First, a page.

Fire, who is a Ph.D student in Information Systems Engineering, said, "While Facebook encourages connecting with as many people as possible, we advocate limiting users, and have, for the first time, provided an algorithm to scientifically determine who to remove from friend lists... An important feature of our app is the ability for parents to better protect their kids' privacy with just one click instead of having to navigate the more complicated Facebook privacy settings."
Beyond mobile devices and social networks, the BGU researchers involved with Telekom Innovation Laboratories are also tackling Advanced Persistent Threats (APTs), honeytokens and more. If you look at the work that BGU has already done in this one public-private partnership with Deutche Telekom then you can understand why they are so bullish about getting a whole fleet of tech industry giants located across the street. And then, next to that is going to be all of the top technical talent of the Israeli Defense Forces, ready to collaborate in order to find solutions to impossible problems and push Israel's technical advantage farther and faster.
Rise of the Negev
Israelis treasure a biblical verse in Isaiah 35:1-2 that predicts: "The wilderness and the solitary place shall be glad for them; and the desert shall rejoice, and blossom as the rose. It shall blossom abundantly, and rejoice even with joy and singing."
Israel's founding father and first prime minister, David Ben Gurion, who was far more pragmatic than spiritual, nevertheless kept a copy of this verse on his desk. To Ben Gurion, this prophecy encapsulated the hope and the possibilities of Israel's Negev desert. He believed science would unlock those secrets and create those opportunities. He even did a little bit of future forecasting of his own.
Ben Gurion predicted, "The South will be at the center of Israel's activity and concern. Only in these areas is there a little open space, totally absent in the North, and there is room for additional extensive settlement based on agriculture and pasture as well as on workshops, mines and industry... Only researchers and scientists who live within the gates of the Negev ... will succeed in revealing what is concealed in the bosom of the earth, and the Dead Sea. They will study the blessings of the sky and the sun and the uppermost air which shower endless treasures of energy, dew, winds and beneficial rays which go to waste because we do not yet know how to utilize them to make the wilderness blossom."
Named after the nation's first prime minister, Ben Gurion University of the Negev is the school's official title. Even most of the locals shorten it to Ben Gurion University or BGU, so it's easy to overlook the fact that the Negev remains one of BGU's greatest geographical and political assets—and one of its most defining characteristics.
Be'er Sheva, where BGU is based, sits on the northern edge of the Negev, but serves as its cultural and administrative capital. It's a biblical city (sometimes called "Beersheba") with connections to Abraham, Isaac, and Jacob. When the UN divided up Israel and Palestine in 1948, Be'er Sheva was actually part of the Palestinian territory. However, during the proceeding Arab-Israeli War of 1948, the Israeli Defense Forces defeated the Egyptian Army in Be'er Sheva and it has been a Jewish city ever since. In fact, there are so few Arabs left in the city that Be'er Sheva's traditional mosque has been converted into the archeological museum of the Negev, despite legal objections from some of the Muslim citizens in Israel.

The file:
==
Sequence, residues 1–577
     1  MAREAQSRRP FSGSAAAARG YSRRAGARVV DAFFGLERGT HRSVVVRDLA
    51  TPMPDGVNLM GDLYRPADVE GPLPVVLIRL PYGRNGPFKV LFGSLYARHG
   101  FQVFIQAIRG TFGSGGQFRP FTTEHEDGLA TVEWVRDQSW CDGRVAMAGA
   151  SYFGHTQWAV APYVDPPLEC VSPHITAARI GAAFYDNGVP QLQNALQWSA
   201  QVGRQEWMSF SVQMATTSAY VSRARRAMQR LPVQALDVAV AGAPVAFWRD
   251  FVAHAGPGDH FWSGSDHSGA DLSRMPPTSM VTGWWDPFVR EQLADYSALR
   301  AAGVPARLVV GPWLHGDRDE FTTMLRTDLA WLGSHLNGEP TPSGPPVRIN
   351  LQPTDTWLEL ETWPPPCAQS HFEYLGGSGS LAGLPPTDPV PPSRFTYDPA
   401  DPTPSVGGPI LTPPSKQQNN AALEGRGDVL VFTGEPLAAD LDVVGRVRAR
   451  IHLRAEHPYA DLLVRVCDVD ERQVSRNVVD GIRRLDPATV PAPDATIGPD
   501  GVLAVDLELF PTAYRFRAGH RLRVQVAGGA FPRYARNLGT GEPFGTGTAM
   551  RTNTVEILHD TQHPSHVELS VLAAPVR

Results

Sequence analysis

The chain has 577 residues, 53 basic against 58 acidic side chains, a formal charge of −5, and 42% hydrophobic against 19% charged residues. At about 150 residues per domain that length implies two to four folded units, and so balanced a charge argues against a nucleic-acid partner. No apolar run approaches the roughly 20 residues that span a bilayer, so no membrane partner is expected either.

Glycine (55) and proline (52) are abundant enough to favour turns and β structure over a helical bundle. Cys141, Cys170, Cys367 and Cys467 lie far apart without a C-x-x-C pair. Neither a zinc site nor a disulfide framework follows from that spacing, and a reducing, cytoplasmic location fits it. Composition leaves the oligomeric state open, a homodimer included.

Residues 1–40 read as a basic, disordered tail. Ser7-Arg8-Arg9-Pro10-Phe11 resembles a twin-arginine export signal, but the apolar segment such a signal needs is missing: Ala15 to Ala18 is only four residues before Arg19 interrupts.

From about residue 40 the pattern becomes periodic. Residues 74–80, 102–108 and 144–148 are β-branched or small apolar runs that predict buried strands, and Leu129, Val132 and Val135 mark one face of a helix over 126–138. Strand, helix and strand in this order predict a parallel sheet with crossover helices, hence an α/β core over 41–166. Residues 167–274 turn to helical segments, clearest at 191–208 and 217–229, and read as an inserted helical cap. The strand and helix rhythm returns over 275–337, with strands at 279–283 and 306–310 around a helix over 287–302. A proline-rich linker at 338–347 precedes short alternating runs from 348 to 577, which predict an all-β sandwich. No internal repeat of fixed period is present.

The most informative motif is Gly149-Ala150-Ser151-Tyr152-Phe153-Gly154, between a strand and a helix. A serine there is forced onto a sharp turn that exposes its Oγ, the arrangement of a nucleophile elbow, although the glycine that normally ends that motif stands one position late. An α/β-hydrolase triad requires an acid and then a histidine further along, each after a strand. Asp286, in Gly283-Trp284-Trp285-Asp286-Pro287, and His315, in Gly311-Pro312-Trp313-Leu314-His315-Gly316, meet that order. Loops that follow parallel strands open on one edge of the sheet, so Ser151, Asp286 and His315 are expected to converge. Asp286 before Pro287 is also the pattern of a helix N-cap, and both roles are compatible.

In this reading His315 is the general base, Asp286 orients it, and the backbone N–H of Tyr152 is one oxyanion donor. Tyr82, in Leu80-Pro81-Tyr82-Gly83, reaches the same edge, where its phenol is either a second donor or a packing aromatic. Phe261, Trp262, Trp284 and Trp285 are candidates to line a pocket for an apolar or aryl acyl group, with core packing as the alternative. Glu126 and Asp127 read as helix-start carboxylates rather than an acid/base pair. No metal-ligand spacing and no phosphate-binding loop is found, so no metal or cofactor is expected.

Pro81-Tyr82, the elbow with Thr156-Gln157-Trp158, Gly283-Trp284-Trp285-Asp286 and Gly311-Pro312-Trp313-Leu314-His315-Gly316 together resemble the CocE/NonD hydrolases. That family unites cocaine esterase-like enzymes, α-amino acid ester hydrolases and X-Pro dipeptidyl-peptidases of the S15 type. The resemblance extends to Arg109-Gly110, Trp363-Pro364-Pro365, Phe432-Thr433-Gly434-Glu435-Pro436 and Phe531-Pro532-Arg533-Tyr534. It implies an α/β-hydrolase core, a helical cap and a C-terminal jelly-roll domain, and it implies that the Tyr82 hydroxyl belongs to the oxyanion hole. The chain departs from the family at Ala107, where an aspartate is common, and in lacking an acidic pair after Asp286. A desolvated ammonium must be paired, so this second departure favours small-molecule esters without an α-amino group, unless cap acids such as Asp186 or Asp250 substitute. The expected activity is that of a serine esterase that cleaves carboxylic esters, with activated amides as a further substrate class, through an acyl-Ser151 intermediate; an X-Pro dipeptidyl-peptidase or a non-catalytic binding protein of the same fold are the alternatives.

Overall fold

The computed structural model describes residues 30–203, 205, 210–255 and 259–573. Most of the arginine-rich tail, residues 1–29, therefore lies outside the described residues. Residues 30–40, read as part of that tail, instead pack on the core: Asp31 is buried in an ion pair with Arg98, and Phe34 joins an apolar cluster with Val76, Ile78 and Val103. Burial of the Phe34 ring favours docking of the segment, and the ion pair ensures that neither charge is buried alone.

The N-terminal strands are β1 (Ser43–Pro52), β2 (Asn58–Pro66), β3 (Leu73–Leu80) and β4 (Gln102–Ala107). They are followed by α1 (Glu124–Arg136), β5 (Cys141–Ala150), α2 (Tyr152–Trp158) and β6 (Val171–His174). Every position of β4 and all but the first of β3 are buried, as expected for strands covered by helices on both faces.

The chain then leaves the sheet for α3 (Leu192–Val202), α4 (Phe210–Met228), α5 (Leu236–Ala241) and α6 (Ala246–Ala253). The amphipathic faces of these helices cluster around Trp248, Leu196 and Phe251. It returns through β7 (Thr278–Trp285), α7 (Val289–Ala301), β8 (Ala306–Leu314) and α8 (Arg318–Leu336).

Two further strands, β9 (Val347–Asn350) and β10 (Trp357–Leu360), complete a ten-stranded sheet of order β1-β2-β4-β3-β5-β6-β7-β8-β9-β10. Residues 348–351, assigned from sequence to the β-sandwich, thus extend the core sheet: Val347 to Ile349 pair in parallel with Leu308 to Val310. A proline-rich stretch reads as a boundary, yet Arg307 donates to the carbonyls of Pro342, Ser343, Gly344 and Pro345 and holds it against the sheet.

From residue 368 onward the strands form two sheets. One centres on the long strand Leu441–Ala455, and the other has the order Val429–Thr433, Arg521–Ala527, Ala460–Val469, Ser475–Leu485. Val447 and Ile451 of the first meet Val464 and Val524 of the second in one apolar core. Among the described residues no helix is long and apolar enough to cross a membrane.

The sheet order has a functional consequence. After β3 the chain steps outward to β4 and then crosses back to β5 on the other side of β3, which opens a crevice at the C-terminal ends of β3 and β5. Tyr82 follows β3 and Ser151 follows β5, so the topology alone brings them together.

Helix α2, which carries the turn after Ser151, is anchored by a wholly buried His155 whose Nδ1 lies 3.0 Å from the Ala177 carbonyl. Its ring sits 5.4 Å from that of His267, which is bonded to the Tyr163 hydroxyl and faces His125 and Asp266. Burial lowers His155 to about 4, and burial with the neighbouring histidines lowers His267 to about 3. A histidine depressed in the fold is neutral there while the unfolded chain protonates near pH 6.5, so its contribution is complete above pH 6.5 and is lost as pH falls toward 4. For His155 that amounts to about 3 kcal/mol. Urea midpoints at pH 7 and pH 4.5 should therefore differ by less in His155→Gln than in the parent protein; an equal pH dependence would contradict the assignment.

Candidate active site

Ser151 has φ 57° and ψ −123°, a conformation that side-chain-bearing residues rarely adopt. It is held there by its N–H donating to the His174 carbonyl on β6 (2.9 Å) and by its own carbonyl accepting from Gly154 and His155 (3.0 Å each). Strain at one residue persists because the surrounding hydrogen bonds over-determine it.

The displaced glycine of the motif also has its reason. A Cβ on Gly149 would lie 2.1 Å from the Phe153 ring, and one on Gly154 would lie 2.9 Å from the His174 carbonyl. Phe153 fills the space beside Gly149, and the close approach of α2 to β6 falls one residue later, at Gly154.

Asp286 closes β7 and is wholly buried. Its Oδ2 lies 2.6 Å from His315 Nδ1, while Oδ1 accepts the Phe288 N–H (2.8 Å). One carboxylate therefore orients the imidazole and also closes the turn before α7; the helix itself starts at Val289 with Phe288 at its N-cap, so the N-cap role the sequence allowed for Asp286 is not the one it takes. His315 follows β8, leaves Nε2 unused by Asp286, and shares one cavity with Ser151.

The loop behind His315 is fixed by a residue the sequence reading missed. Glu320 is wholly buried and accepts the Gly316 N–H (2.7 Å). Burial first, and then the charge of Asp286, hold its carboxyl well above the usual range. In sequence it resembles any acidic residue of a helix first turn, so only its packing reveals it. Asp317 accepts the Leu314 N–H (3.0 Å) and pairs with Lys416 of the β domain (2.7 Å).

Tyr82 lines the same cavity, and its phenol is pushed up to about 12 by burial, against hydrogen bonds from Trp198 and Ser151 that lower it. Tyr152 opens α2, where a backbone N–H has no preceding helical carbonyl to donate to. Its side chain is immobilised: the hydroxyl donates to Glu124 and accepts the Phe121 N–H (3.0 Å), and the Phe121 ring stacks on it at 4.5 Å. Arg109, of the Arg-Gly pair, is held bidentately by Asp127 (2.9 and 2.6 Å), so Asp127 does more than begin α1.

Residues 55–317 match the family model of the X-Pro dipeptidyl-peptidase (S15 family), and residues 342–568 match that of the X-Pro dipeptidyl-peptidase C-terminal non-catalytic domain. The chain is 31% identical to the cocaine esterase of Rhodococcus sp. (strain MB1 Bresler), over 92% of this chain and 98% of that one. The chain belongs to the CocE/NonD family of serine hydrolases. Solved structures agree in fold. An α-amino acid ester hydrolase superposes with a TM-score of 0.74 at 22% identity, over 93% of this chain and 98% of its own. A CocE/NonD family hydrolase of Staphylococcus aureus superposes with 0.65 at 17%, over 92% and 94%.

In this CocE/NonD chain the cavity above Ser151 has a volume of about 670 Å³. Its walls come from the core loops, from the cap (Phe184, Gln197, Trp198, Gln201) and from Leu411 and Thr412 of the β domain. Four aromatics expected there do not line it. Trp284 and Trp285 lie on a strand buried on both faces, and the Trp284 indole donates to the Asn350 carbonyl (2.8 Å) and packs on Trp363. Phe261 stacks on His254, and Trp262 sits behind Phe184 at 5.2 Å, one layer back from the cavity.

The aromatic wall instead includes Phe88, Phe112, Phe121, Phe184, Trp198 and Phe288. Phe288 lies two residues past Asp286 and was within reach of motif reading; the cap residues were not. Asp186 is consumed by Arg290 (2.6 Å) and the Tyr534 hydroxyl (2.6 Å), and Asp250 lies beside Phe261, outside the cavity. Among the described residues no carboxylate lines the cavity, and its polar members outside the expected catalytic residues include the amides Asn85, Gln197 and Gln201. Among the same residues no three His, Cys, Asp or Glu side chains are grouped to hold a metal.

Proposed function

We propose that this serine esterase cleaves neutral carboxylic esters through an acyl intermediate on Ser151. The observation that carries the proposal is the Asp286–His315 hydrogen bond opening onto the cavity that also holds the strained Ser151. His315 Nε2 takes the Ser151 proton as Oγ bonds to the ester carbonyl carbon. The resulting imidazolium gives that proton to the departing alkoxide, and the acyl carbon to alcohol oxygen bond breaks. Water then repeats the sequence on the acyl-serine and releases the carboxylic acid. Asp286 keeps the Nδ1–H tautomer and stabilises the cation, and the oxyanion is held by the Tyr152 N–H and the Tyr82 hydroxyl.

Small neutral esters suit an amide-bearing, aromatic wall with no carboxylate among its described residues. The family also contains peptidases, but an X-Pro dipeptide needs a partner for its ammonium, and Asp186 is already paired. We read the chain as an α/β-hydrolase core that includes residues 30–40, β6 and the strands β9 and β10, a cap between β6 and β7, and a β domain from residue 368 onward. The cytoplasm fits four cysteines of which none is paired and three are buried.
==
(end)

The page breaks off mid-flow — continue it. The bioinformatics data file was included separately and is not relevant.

Today, Be'er Sheva has a population of 200,000 and is one of Israel's fastest growing cities. Meanwhile, outside of Be'er Sheva, there are about 170,000 semi-nomadic Arab bedouin who roam the Negev. It is a stark contrast between a rapidly-advancing modern civilization and a traditional culture that feels increasingly threatened about its future. Nevertheless, there are also now bedouin students attending BGU as well.
The Negev as a whole is the hottest region in Israel, both literally and figuratively.
It comprises Israel's southern desert and it has a completely different character than the coastal towns of Tel Aviv and Haifa or the Jerusalem plateau. As you drive from those northern cities with their cypress trees, sloping hills, and ample ground cover and pass into the Negev with its rocky terrain, craggy mountains, and sparse vegetation, there's no doubt that you have passed from one place into another. The color change from green to brown is unmistakable. The Negev is a desert, but it's not the kind with blowing sand dunes like you see in the movies. It's more like an ancient gravel driveway, stretching and rippling in every direction. If that sounds ominous and undesirable, then the untamed beauty of the Negev can surprise you.
The Negev represents 60% of the land mass of Israel, but is home to only 9% of the population. It is an arid climate that averages only 8 inches of rainfall per year, but the Israelis have turned the Negev into the only desert in the world that is currently receding. Using a combination of high-tech and low-tech research and best practices, Israel has taken advantage of the benefits of the desert while making it a more productive and hospital place to live. Israel has changed grazing patterns of animals, adopted ancient Nabataean farming techniques for growing crops in areas with minimal rainfall, and become a world leader in solar energy research. Israel now reuses over 70% of the country's waste water (mostly then reused for farming the arid land), more than any other country in the world. In second place is Spain, which reuses 17%. The U.S. reuses 1%.
Despite the fact that David Ben Gurion and other politicians have been calling the Negev "the future of the country" for over 60 years, the Israeli people have been slow to migrate to the region. Until recently, Be'er Sheva felt too provincial and remote to tempt many citizens of the developed cities of the north to relocate to the desert. However, the city of Be'er Sheva has created cultural momentum over the past decade by developing the arts, theater, libraries, and culinary diversity. This has been funded in part by American Jews who have embraced the vision of the Negev and used their philanthropy to help fund the expansion of BGU and Be'er Sheva.